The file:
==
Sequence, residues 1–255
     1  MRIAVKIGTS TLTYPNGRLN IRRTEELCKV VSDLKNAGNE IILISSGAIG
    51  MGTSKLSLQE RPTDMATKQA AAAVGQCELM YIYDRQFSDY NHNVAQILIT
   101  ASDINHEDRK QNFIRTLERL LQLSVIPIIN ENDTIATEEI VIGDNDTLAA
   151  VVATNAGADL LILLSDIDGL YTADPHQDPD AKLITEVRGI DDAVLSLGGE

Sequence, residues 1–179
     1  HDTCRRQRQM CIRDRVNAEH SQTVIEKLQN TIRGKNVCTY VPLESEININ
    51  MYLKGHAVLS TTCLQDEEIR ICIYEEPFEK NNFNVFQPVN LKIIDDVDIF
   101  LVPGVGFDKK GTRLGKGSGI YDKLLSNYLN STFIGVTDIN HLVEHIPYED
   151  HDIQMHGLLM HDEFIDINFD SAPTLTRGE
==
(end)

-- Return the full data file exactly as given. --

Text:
Sequence, residues 1–255
     1  MRIAVKIGTS TLTYPNGRLN IRRTEELCKV VSDLKNAGNE IILISSGAIG
    51  MGTSKLSLQE RPTDMATKQA AAAVGQCELM YIYDRQFSDY NHNVAQILIT
   101  ASDINHEDRK QNFIRTLERL LQLSVIPIIN ENDTIATEEI VIGDNDTLAA
   151  VVATNAGADL LILLSDIDGL YTADPHQDPD AKLITEVRGI DDAVLSLGGE

Sequence, residues 1–179
     1  HDTCRRQRQM CIRDRVNAEH SQTVIEKLQN TIRGKNVCTY VPLESEININ
    51  MYLKGHAVLS TTCLQDEEIR ICIYEEPFEK NNFNVFQPVN LKIIDDVDIF
   101  LVPGVGFDKK GTRLGKGSGI YDKLLSNYLN STFIGVTDIN HLVEHIPYED
   151  HDIQMHGLLM HDEFIDINFD SAPTLTRGE